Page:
MORE FROM JAMES BRALY
KAI RYSSDAL: Here's a real estate story that's not about the real estate at all.
Commentator James Braly has boiled his life down to the bare essentials. It's a variation of the old argument about living to work, or working to live.
Braly sold his luxury Manhattan apartment and moved downstairs. To the storage unit in the basement. So he can live and work.
JAMES BRALY: The great thing about living in my storage unit is you don't need an alarm clock.
My headboard is the door to the service elevator shaft, and my sloped ceiling the underside of the back stairs. So when the building wakes up, I do too.
Behind me, the elevator operator hoists construction workers up to renovate another castle in the sky. Directly overhead, the dog walker descends, pulled by her hyperactive little pug scratching his way outside for his canine toilette. While in the middle of it all, unbeknownst to them, nestled amongst the packing boxes, a writer opens his eyes. It's another day in storage.
I didn't always live this way. I used to make a lot of money, writing speeches for pharmaceutical executives to finance my dream of writing autobiographical stories. But the only thing I seemed to have time to write besides speeches were checks on my glorious apartment overlooking Central Park. Instead of becoming a writer, I'd become a lifestyle.
So I downsized to a place I could afford to write in. And on the day I moved out of my apartment, I moved in to my storage unit, stacking the contents of the luxurious life I used to live, concrete floor to concrete ceiling. Leaving just enough room for the essentials: an air mattress, and a desk.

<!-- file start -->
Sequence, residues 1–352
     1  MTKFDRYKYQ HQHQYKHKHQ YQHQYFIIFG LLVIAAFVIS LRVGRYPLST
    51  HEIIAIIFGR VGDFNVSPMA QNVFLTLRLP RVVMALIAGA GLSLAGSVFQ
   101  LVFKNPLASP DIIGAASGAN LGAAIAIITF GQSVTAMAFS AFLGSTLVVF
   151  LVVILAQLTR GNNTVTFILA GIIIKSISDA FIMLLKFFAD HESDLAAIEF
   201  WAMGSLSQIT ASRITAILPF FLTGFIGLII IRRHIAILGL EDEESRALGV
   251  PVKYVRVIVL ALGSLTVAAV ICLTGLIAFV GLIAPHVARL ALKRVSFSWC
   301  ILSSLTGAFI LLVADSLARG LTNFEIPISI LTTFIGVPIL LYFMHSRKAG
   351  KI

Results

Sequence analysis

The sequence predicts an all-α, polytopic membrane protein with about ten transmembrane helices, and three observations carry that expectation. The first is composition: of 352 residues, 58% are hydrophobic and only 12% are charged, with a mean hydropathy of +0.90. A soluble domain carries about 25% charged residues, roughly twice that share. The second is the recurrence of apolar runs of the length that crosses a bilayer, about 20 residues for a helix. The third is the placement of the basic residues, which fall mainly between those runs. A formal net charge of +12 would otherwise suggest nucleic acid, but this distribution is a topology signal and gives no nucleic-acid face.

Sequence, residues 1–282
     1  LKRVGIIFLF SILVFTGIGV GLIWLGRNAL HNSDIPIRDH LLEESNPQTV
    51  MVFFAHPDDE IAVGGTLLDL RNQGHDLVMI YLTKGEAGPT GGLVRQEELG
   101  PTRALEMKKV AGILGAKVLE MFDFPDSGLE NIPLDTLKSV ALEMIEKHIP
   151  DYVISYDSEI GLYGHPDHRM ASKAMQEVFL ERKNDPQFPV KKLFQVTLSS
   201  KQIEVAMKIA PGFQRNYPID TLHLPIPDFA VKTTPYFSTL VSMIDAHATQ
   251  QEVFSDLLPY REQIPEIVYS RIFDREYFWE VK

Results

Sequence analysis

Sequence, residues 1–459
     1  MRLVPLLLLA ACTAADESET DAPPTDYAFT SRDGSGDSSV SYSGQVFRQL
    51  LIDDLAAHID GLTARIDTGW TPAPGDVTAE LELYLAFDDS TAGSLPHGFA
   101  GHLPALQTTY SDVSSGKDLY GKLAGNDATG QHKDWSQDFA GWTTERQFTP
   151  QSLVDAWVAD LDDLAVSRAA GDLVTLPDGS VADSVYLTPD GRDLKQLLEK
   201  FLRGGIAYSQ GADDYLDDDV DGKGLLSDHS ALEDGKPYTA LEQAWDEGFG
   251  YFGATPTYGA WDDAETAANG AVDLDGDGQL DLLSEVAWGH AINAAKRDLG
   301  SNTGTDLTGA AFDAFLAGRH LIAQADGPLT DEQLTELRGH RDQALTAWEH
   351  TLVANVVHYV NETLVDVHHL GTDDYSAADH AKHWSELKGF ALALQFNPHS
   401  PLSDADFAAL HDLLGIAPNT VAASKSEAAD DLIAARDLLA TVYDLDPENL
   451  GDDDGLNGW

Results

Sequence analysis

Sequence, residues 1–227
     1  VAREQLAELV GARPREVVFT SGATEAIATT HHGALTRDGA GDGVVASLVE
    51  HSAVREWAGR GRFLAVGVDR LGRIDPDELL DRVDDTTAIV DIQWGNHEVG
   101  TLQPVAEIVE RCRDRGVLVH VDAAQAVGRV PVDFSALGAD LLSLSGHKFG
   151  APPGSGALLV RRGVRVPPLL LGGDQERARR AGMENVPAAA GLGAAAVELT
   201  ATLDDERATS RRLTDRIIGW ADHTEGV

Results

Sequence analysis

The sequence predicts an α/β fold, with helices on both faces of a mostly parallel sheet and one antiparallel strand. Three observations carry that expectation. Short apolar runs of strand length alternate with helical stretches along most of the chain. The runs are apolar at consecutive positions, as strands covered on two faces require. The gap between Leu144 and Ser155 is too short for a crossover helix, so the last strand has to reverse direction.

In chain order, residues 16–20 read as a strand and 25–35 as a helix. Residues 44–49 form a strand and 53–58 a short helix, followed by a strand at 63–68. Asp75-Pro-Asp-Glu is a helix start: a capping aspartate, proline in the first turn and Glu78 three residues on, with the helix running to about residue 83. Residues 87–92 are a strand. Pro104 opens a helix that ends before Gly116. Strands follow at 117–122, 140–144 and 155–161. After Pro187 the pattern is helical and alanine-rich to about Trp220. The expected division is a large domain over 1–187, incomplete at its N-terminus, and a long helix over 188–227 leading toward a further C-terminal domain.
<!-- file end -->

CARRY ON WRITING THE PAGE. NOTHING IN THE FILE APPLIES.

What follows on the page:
It's conveniently located a few floors down in the same building; it has a toilet and a sink, installed by the art dealer who once stored paintings here; and the lease doesn't say anything about storing people.
And now, I'm writing. I've been living in storage for two years now, and it's paying off. My monologue is opening Off-Broadway this fall. My book will be published next spring. So there's actually a reason to get up in the morning, when I hear that little pug panting in the service elevator behind my bed on his way back up from the street — like a canine snooze alarm.
I do miss the money. Especially when I take a shower — twice a week, 10 blocks away at the gym. Or when I see my apartment back on the market, advertised in a glossy real estate magazine, and am reminded I can no longer afford to live there.
But I've got my little concrete chrysalis: 30 square feet of usable space. And that's big enough to dream. And at 15 percent of what I used to pay, cheap enough to give me the time to pursue it. What more can you ask of home?
Braly's bed is right under the stairs. He's awoken each morning by the scampering and panting of dogs as the resident dog walker makes her morning trek outside.
The "bedroom" of Braly's storage unit.